Kempinski Blog Article
As a city, Dalian offers plenty to both domestic and international travellers looking to explore northeast China. With plenty of parks and rolling green hills, Dalian presents something of a unique and cosmopolitan environment – and there is plenty to explore.
Just like Hong Kong, Shanghai and Qingdao, Dalian too has had to break free from colonial occupation. But where it was Britain in the case of Hong Kong and Germany in that of Qingdao, for Dalian, its colonials arrived in the form of Russia and later, Japan.
In 1950, Dalian was renamed Luda City by the Communist regime, but in 1984, when the city opened up to foreign investment, it once again became Dalian – the title it had historically assumed since 1898.
Since this opening, Dalian has continued to grow from strength to strength, and today, it signifies all that is great and good about modern China. However, that is not to say there is a lack of historic landmarks to explore throughout the city – far from it.
Built in 1909, the former Yokohama Specie Bank looks as impressive as ever today as it must have done during the era of the Japanese occupation. Placed against the modern backdrop of the city, nothing portrays the two sides to Dalian's history quite like this upright and colonial sight.
With the Yellow Sea to the south and the Bohai Sea to the west, Dalian is a city surrounded by water, so naturally, seafood is the city's speciality.
From fish to prawns, shellfish and crab, the seafood in Dalian caters for all tastes, and it is easy to find restaurants and menus that epitomise quality. One such eatery can be found in the Shaheko District of the city in the form of WanBao Seafood Fang, where delicious Chinese seafood dishes – and enormous crustaceans, it must be said – are served. Boating one of the finest reputations throughout the city, if you are looking to experience the best there is, a visit to WanBao is well worth doing.
For those looking to experience something other than seafood, Dalian's worldly appeal and cosmopolitan outlook means there is always something new to try – whether it arrives in the form of a Brazilian grill or traditional Chinese restaurant.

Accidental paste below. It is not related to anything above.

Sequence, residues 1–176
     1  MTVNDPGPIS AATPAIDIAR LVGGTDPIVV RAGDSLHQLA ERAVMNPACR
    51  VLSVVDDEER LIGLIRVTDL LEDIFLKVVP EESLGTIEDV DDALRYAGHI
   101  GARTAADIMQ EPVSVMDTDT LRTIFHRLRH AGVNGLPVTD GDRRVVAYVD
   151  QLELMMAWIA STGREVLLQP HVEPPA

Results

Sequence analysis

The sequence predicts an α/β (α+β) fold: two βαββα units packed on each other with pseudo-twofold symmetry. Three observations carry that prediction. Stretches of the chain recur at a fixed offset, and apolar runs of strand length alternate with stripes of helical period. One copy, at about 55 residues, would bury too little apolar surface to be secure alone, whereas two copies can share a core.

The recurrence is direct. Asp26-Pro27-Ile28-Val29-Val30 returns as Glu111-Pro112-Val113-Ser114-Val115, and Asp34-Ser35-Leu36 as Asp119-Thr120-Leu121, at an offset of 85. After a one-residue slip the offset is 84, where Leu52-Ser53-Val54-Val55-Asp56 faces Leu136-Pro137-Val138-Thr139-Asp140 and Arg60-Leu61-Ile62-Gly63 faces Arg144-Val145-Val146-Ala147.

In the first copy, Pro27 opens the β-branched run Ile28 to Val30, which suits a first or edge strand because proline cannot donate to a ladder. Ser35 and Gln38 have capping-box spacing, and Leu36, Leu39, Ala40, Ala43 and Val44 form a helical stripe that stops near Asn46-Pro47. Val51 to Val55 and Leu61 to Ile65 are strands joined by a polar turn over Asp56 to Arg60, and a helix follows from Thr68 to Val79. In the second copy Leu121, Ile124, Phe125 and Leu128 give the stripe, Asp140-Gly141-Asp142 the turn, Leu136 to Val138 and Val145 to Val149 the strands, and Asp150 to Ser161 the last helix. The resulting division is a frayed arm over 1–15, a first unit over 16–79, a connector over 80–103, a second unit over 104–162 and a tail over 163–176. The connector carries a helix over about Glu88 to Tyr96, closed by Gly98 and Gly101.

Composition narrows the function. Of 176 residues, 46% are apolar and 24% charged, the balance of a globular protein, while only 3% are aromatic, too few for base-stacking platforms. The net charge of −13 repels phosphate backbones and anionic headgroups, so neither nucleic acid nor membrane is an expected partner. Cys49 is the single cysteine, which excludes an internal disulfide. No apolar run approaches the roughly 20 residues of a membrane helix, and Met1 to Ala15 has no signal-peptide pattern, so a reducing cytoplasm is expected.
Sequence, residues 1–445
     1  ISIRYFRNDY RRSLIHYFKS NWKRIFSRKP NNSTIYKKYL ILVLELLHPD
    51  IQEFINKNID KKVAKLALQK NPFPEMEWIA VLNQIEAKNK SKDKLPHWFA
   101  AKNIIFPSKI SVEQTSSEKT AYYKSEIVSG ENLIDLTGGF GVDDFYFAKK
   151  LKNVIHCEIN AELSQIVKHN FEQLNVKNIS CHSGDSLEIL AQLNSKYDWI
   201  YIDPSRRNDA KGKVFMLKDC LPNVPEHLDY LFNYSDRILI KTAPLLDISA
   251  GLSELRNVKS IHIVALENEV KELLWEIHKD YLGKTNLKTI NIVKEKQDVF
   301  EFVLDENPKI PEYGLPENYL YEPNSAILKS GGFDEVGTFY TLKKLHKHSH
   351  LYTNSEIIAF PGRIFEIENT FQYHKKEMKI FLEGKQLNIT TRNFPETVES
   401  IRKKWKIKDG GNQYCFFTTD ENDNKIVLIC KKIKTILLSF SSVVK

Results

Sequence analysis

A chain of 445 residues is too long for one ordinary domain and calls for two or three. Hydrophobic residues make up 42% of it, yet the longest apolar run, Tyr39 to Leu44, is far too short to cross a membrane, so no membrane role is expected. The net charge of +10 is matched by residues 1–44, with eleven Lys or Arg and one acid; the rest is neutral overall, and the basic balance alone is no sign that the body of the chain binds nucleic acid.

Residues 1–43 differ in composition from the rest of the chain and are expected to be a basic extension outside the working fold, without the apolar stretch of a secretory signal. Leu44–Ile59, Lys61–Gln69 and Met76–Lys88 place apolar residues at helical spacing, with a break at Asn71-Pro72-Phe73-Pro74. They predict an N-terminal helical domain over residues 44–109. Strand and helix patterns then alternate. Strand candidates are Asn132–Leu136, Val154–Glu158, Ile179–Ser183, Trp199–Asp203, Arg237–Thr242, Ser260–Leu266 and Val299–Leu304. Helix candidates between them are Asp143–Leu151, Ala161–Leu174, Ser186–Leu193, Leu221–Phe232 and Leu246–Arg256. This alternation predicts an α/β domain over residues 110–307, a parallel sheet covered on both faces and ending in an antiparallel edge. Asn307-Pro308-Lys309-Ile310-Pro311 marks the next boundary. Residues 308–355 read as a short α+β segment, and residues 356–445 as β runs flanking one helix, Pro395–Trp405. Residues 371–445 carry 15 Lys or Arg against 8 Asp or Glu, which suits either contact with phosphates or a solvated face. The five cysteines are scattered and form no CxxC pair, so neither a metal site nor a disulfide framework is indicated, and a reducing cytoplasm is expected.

Covering over one million square meters, Xinghai Square is the largest square in the world and is, without doubt, Dalian's number one must-see attraction. Built for the city's 1998 centennial, the square boasts several sculptures, including an installation that depicts 1000 footprints and an opened book to commemorate the city's history and seaside reputation.
Dalian Forest Zoo
Home to more than 3,000 animals, and spread across an area the size of a small town, Dalian Forest Zoo is a must for any family visiting northeast China. From pandas to tigers, bears and lions – there is something for everyone to enjoy in this enchanted city escape.
Grand Black Mountain of Dalian
Located in Jinzhou District, Dalian's Grand Black Mountain provides any traveller looking to experience the great Chinese outdoors with a wonderful opportunity to explore. The mountain itself is dotted with temples and the summit is less than 2,000 steps away – meaning even the weariest traveller stands a good chance of climbing to the top.
For passengers flying from Europe or the United States, Dalian Zhoushuizi International Airport can be reached with just the one stop – most likely at Peking or Guangzhou. Once you have landed at the airport, you will have no problem reaching the city centre – and a taxi can be hailed from the airport's 'official' taxi queue on its eastern side.
For those looking to access the city's train station, there's a handy shuttle bus that runs into the city after every flight.
When it comes to finding the perfect hotel for your stay in Dalian, look no further than Kempinski Hotel Dalian. With five-star luxury accommodation in a central location, the Kempinski Hotel Dalian has everything you will need during your stay.
To check out the facilities on offer, including the luxury spa, feel free to explore using our virtual tour tool.